The United States military disclosed a more than 50 percent jump in cases of traumatic brain injury stemming from Iran's missile attack on a base in Iraq last month, with the number of service members diagnosed climbing to over 100.
No US troops were killed or faced immediate bodily injury when Iran fired missiles at the Ain al-Assad base in Iraq in retaliation for the US martyr of top Iranian commander Qassem Soleimani in a drone strike at the Baghdad airport on January 3.
The figure is a significant increase from the 64 injured service members previously reported by the Pentagon.
President Donald Trump initially said no Americans were injured in the raid.
All is well! Missiles launched from Iran at two military bases located in Iraq. Assessment of casualties & damages taking place now. So far, so good! We have the most powerful and well equipped military anywhere in the world, by far! I will be making a statement tomorrow morning.— Donald J. Trump (@realDonaldTrump) January 8, 2020
The attack on 8 January came amid tensions over the US martyr of Iranian general Qassem Soleimani.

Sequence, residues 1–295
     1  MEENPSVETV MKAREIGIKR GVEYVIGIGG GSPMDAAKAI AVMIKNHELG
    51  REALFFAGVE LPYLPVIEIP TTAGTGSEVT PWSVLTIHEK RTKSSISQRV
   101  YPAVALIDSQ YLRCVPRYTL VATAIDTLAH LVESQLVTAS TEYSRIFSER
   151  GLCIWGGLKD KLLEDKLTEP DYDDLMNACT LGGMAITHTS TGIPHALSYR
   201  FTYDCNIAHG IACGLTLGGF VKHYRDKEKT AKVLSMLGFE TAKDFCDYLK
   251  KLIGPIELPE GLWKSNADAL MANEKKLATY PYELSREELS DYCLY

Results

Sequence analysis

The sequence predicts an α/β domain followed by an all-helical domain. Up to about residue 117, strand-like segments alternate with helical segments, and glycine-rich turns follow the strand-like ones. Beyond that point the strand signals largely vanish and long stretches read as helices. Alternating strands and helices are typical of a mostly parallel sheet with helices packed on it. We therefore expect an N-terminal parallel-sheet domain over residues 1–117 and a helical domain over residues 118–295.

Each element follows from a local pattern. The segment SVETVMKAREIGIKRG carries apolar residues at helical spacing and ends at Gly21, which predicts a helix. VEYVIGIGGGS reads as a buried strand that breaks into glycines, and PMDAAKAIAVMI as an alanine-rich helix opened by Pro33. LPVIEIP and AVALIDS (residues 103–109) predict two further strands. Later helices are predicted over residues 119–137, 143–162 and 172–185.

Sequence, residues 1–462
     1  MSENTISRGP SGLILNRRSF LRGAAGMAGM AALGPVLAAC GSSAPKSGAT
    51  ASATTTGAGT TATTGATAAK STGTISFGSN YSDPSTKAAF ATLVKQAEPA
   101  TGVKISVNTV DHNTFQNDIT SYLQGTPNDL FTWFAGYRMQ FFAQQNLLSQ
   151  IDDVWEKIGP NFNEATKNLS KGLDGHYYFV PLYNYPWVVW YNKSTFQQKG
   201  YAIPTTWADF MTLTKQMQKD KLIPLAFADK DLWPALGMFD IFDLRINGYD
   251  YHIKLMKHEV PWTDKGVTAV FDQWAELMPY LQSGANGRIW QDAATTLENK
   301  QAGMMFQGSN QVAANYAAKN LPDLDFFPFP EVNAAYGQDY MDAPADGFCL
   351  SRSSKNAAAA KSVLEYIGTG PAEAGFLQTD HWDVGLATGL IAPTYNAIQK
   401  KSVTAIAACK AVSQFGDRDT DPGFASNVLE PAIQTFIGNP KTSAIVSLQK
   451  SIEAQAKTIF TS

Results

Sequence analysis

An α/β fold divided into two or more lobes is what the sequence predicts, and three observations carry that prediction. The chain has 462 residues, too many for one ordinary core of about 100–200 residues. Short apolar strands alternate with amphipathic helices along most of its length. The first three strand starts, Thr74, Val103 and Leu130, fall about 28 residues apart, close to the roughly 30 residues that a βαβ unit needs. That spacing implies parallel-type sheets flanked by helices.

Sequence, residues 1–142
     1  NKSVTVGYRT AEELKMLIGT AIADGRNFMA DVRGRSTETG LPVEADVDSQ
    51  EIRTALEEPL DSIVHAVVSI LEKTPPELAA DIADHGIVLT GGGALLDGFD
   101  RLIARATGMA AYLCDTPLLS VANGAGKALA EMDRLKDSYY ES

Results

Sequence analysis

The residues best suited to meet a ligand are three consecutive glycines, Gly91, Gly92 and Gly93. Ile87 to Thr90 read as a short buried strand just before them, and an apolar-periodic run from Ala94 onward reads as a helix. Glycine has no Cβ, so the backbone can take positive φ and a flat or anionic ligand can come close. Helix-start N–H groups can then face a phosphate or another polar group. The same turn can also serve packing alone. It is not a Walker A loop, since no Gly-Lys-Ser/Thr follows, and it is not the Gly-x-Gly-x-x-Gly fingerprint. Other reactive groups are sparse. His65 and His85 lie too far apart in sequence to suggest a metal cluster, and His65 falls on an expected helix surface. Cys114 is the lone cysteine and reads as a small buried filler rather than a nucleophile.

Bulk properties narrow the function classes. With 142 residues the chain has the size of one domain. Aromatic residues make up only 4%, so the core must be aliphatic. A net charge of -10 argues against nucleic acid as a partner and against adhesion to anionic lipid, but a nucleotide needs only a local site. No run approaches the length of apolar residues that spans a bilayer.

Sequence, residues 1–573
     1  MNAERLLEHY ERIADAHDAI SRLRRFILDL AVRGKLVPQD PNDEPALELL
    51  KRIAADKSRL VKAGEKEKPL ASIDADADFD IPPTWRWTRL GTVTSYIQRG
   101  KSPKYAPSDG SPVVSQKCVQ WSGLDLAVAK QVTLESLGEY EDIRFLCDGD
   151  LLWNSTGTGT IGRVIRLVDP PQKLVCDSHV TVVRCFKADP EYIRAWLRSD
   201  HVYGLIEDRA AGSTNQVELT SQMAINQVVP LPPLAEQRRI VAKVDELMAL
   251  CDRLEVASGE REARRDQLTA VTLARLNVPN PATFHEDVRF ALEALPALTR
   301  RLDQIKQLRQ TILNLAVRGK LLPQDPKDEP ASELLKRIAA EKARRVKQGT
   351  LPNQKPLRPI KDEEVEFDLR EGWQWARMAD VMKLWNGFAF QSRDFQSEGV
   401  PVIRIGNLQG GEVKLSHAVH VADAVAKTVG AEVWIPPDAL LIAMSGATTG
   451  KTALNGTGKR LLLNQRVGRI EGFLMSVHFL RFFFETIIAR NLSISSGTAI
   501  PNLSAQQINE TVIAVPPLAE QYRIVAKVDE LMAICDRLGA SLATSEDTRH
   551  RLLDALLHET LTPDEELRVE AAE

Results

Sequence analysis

The rising number of reported cases results from the mild form of injury which means symptoms take time to manifest, the Pentagon said in a press conference in January.
US Republican lawmaker Joni Ernst called for more answers on Monday.
Army General Mark Milley, chairman of the Joint Chiefs of Staff, said last month that the service members suffering from traumatic brain injuries had been diagnosed with mild cases. He added that the diagnosis could change as time passed.
Symptoms of concussive injuries include headaches, dizziness, sensitivity to light and nausea.
On the other hand Pentagon officials have repeatedly said there has been no effort to minimise or delay information on concussive injuries. But the disclosures following Tehran's attack have renewed questions over the US military's policy regarding how it internally reports suspected brain injuries and whether they are treated publicly with the same urgency as loss of limb or life.
SOURCE: BBC News